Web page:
Obama’s too intelligent to fight a war that he knows he can’t win and too compassionate to allow millions of people to go hungry.  To him, that’s worth the $700 billion the GOP is adding to the national deficit. The pundits and Liberal lawmakers who criticize Obama on this compromise are either ignorant or cruel. Is it really more important to look tough than to help people? To these people ideology is more important than pragmatism, practicality and compassion.

Get over it.  It takes more guts to compromise than quarrel.

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if you like to watch NCIS

In one of the more interesting surveys conducted  in the last few months,  the New York Times reported on the political television advertising habits of the GOP and the results weren’t surprising:

Republicans bought nearly three times as many ads as Democrats on “Saturday Night College Football,” more than twice as many on “Sunday Night NFL Football” and Nascar racing, and almost twice as many during Major League Baseball games.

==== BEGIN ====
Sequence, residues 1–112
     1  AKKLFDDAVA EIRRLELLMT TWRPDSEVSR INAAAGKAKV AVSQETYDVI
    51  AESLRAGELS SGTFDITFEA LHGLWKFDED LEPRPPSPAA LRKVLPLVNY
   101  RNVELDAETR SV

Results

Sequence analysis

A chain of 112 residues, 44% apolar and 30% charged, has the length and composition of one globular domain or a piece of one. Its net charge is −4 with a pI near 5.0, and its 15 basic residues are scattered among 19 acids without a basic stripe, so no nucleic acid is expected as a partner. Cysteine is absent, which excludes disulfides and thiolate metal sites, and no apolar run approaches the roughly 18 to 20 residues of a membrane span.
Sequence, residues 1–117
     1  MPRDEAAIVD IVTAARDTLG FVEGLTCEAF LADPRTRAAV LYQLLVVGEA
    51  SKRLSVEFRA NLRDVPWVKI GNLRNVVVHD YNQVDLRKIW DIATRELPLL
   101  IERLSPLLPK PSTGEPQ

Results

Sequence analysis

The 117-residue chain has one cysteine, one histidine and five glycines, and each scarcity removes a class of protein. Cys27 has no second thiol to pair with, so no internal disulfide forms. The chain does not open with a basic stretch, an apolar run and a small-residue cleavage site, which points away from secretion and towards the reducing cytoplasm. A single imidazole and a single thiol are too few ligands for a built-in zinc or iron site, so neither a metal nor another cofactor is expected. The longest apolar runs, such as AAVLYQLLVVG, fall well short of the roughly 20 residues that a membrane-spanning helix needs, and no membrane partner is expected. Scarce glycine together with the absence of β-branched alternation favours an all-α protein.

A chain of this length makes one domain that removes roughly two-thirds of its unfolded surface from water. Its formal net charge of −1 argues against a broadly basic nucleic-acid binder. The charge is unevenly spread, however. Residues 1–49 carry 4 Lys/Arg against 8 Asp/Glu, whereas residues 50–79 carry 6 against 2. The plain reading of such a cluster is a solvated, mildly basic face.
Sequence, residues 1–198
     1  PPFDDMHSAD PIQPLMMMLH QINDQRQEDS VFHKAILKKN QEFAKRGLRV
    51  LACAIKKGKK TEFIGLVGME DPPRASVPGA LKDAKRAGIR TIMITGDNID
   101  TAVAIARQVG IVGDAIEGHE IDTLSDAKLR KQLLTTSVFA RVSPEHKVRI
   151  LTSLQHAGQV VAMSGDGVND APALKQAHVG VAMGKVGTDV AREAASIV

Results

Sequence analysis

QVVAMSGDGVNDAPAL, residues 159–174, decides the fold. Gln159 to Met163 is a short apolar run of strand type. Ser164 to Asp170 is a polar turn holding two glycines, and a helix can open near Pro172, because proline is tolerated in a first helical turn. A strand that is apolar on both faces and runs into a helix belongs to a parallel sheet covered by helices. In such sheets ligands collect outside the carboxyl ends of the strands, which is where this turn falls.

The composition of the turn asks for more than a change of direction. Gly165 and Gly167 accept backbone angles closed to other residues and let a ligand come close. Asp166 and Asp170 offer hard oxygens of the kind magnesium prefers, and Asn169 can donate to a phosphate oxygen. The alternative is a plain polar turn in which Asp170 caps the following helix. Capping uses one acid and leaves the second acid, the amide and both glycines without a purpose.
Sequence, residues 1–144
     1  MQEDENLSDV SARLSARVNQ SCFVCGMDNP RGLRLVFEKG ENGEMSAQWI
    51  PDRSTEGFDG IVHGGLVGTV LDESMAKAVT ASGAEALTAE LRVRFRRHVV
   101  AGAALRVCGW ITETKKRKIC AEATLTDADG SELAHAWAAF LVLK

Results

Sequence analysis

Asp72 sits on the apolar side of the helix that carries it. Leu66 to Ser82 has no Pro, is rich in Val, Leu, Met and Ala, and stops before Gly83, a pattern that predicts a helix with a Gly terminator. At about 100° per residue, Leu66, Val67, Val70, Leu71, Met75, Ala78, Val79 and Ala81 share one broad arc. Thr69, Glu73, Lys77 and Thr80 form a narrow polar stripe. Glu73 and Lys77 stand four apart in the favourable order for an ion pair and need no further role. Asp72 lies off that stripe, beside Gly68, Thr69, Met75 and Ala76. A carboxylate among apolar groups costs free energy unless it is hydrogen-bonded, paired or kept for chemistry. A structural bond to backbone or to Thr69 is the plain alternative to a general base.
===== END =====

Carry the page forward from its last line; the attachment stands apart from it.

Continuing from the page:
Republicans also out-advertised Democrats on crime shows, placing roughly one-third more ads on shows like “Detroit 1-8-7,” “Medium,” “Cops,” “Law & Order: Special Victims Unit,” “48 Hours Mystery” and “NCIS.”

This leads me to a few unscientific, oversimplified theories:

  1. Republicans see things in black and white. Right wingers aren’t very good at delving into the gray area in subjects.  Sports, cop shows, and mysteries all have very specific winners and losers.  In American sporting events, one team wins, the other loses.  The notable  exception?  Soccer.  And we know how much Republicans love European things.  As for the cop dramas, we don’t see much ambiguity.  There are none of those severely flawed characters who we come to empathize with because of our deep, dark personal desires.  Republicans don’t like to go there.  In reality, Republicans are clearly black and white when it comes to policy, especially regarding crime.  For the GOP, being tough on crime has meant going by the book and not listening to excuses whether it’s illegal immigration or drugs.  There is no room for sympathy or reason: either you win or lose.